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Batch or Command File That Runs Custom Sub in Access 2007 Database

Posted on 2013-11-01
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Last Modified: 2013-11-04
I thought I would find my answer in old posts on this topic but couldn't quit find what I was looking for so appoligize in advance if I missed something.

I am looking for a batch file that will execute an Access database custom procedure stored in a standard module. All the code does is run a few Make Table Queries. I would like to provide the file to a few users so that it minimizes their direct interaction with the database itself.

Any assistance with this would be much appreciated. Thank you.
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Question by:spaced45
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mbizup earned 500 total points
ID: 39617631
Add a Macro to your database, using the RunCommand action to run your function (I believe it needs to be a function, not a Sub).

You can then create a shortcut to open the database, running your macro with this as the target:

"c:\program files\microsoft office\office12\msaccess.exe" "c:\MyFolder\MyDatabase.accdb" /x MyMacro

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Change "office12" to reflect the path to the version of Access you have installed, the database path to your own database, and the macro name to your own macro.
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ID: 39617708
The other way to do this is with the /CMD switch on the command line, which let's you pass multiple parameters in and react to them.

 WIthin Access, you use the Command() statement to get what was passed in.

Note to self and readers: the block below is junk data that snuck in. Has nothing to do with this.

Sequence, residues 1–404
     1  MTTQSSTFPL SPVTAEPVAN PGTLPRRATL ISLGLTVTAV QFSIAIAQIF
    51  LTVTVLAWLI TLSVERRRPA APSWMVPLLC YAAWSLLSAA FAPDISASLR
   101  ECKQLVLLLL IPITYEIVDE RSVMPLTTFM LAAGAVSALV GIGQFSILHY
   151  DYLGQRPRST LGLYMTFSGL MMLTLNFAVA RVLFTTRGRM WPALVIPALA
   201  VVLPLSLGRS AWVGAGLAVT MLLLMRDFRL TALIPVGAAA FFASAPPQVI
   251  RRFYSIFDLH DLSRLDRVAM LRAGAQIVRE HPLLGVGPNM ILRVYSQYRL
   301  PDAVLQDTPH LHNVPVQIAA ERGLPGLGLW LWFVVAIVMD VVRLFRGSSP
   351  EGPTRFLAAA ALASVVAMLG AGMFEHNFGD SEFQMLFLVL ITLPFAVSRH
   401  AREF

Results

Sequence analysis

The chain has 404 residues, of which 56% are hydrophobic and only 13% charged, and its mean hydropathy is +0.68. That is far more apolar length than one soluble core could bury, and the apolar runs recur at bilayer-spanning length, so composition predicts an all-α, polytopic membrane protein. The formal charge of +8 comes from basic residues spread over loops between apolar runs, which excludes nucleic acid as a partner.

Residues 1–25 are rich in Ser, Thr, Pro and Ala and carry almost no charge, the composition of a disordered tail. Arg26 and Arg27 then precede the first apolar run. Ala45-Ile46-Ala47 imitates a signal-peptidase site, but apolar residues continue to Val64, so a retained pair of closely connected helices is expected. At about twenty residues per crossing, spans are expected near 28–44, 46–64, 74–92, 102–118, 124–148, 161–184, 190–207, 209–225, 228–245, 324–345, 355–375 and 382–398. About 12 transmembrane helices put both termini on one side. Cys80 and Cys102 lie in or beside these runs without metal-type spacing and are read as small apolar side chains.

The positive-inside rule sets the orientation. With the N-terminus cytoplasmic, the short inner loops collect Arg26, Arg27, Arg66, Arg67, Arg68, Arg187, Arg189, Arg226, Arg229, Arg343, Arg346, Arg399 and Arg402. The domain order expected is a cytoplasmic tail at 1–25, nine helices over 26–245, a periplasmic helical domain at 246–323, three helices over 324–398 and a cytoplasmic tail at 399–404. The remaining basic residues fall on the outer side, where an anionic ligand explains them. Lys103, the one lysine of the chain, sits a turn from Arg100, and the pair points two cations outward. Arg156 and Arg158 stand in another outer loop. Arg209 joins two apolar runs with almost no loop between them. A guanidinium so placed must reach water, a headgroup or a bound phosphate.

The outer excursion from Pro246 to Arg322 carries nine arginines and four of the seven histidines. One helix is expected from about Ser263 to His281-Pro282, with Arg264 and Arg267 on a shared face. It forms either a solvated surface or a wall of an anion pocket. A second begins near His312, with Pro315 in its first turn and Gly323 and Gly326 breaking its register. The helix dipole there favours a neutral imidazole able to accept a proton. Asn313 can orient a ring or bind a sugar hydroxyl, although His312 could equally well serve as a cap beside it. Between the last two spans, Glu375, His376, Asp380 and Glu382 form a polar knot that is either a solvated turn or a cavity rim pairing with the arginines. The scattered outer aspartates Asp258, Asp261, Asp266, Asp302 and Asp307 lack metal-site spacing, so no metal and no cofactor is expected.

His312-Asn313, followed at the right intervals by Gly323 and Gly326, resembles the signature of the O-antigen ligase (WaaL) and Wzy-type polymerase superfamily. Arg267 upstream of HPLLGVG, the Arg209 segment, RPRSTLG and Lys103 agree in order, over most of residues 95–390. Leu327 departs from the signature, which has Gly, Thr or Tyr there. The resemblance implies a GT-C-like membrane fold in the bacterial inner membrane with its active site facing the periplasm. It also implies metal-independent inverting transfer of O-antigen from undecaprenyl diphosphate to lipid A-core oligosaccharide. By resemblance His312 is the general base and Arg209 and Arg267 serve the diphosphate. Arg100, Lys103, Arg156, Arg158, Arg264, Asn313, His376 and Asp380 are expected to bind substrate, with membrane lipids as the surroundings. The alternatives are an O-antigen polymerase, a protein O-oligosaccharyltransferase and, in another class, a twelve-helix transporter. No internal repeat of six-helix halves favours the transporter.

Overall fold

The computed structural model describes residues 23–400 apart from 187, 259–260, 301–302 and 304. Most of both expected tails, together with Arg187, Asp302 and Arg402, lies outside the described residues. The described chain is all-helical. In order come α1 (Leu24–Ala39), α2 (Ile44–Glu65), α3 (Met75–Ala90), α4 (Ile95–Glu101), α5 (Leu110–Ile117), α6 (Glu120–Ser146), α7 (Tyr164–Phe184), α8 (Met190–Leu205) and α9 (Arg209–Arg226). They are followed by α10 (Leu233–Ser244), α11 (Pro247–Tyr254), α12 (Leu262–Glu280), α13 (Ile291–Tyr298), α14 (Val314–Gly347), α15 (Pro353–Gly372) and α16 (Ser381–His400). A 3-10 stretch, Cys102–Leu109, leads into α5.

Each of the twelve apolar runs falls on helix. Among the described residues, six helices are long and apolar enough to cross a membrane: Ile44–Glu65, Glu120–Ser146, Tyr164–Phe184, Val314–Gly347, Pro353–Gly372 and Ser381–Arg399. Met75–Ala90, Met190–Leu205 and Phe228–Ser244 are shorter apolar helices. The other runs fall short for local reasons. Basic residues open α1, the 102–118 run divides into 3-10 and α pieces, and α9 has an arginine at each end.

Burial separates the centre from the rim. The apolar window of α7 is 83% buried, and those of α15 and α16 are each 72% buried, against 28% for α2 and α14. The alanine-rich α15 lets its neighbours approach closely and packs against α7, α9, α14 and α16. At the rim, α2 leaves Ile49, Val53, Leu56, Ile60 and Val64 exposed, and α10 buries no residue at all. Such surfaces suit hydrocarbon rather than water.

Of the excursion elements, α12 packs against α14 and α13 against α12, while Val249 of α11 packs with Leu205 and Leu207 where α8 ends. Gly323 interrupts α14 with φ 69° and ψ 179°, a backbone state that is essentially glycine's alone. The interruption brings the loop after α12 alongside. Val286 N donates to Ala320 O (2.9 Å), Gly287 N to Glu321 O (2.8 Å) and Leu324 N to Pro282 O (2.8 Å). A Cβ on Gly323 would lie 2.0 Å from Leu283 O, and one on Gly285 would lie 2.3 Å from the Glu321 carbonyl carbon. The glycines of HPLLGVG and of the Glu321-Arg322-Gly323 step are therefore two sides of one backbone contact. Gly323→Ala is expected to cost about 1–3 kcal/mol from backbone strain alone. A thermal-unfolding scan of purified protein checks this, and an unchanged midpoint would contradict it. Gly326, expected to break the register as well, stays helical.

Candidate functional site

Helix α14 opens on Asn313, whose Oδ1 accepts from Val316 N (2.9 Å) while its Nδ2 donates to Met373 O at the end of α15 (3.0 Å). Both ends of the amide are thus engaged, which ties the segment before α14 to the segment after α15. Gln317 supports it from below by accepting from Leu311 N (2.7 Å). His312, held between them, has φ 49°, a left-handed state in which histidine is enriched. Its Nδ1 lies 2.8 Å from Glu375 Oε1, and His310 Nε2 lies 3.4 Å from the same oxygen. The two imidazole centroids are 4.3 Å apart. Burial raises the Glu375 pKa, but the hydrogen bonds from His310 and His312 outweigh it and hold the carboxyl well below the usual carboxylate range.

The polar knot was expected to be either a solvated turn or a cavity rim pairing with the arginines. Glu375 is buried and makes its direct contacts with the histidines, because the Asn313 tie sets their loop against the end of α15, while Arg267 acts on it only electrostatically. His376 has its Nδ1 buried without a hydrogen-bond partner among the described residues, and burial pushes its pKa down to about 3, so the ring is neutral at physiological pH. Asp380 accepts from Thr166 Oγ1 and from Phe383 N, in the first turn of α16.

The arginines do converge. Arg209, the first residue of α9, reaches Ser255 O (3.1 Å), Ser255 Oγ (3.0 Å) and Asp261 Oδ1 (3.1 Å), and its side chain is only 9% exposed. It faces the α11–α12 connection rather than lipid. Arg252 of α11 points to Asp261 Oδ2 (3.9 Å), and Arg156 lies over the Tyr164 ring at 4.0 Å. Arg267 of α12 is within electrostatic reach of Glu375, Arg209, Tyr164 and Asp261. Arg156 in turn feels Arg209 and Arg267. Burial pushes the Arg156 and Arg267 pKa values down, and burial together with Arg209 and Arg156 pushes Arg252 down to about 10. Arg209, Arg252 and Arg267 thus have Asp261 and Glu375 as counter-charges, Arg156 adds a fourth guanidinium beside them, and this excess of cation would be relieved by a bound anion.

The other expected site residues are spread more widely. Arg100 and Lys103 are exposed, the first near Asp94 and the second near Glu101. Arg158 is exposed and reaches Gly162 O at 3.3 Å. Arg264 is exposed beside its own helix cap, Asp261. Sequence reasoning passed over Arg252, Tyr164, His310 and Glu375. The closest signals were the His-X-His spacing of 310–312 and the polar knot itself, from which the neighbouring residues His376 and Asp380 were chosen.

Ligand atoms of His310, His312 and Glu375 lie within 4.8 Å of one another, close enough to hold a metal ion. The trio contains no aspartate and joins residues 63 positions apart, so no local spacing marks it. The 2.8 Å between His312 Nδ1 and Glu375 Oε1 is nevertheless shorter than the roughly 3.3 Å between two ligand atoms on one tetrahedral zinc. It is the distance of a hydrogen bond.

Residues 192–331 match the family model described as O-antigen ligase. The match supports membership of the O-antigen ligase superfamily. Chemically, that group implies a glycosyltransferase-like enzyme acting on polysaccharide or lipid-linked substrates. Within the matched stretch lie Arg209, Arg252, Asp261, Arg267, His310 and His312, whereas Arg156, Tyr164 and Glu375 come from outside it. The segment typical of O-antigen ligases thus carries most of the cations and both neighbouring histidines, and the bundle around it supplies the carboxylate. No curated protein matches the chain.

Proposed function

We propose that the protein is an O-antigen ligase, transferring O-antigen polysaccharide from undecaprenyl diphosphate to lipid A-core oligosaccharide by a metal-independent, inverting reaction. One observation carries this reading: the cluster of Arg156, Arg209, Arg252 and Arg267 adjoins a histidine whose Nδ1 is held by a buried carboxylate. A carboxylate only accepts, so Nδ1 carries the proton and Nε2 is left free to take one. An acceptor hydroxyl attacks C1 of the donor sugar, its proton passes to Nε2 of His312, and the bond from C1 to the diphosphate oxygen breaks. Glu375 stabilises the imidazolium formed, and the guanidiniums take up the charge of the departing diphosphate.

Based on that, you can then call procedures, run reports, put up forms, or whatever.

Jim.
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by:spaced45
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Is there a way to not have the database open when you click on the shortcut.
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No.  Access will open and execute the macro.  There's no avoiding that with Access iteself.  You can hide the main window as soon as it opens, but you will see a flash.  Error handling needs to be very robust however as any type of unhandled error will result in your app sitting there with you being able to do anything about it.

Outside of Access itself, you could write a "launcher" program that would remain hidden, open Access via OLE automation and also keep it hidden.

Jim.
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by:mbizup
ID: 39623085
In addition to what Jim said (and similar), another possible way to achieve this is to use other development platforms - vb.Net, C#, VBScript are some possibilities.

You'd open a connection to your Access tables with a connection string rather than using automation or directly opening Access with a shortcut.

The downside is that with this you only have access to the tables - you'd have to write and execute the queries in VB.Net (or whatever language).  It is also code intensive - similar in that respect to Access automation, and would be a bit of a learning curve if you are not familiar with that type of coding.

The upside is that you'd have a neatly packaged executable that you could distribute to your users, or a web-based interface. And a plus from a developer's standpoint is that the code for connecting to access, executing the queries, and the queries themselves would all be in one place/one environment.
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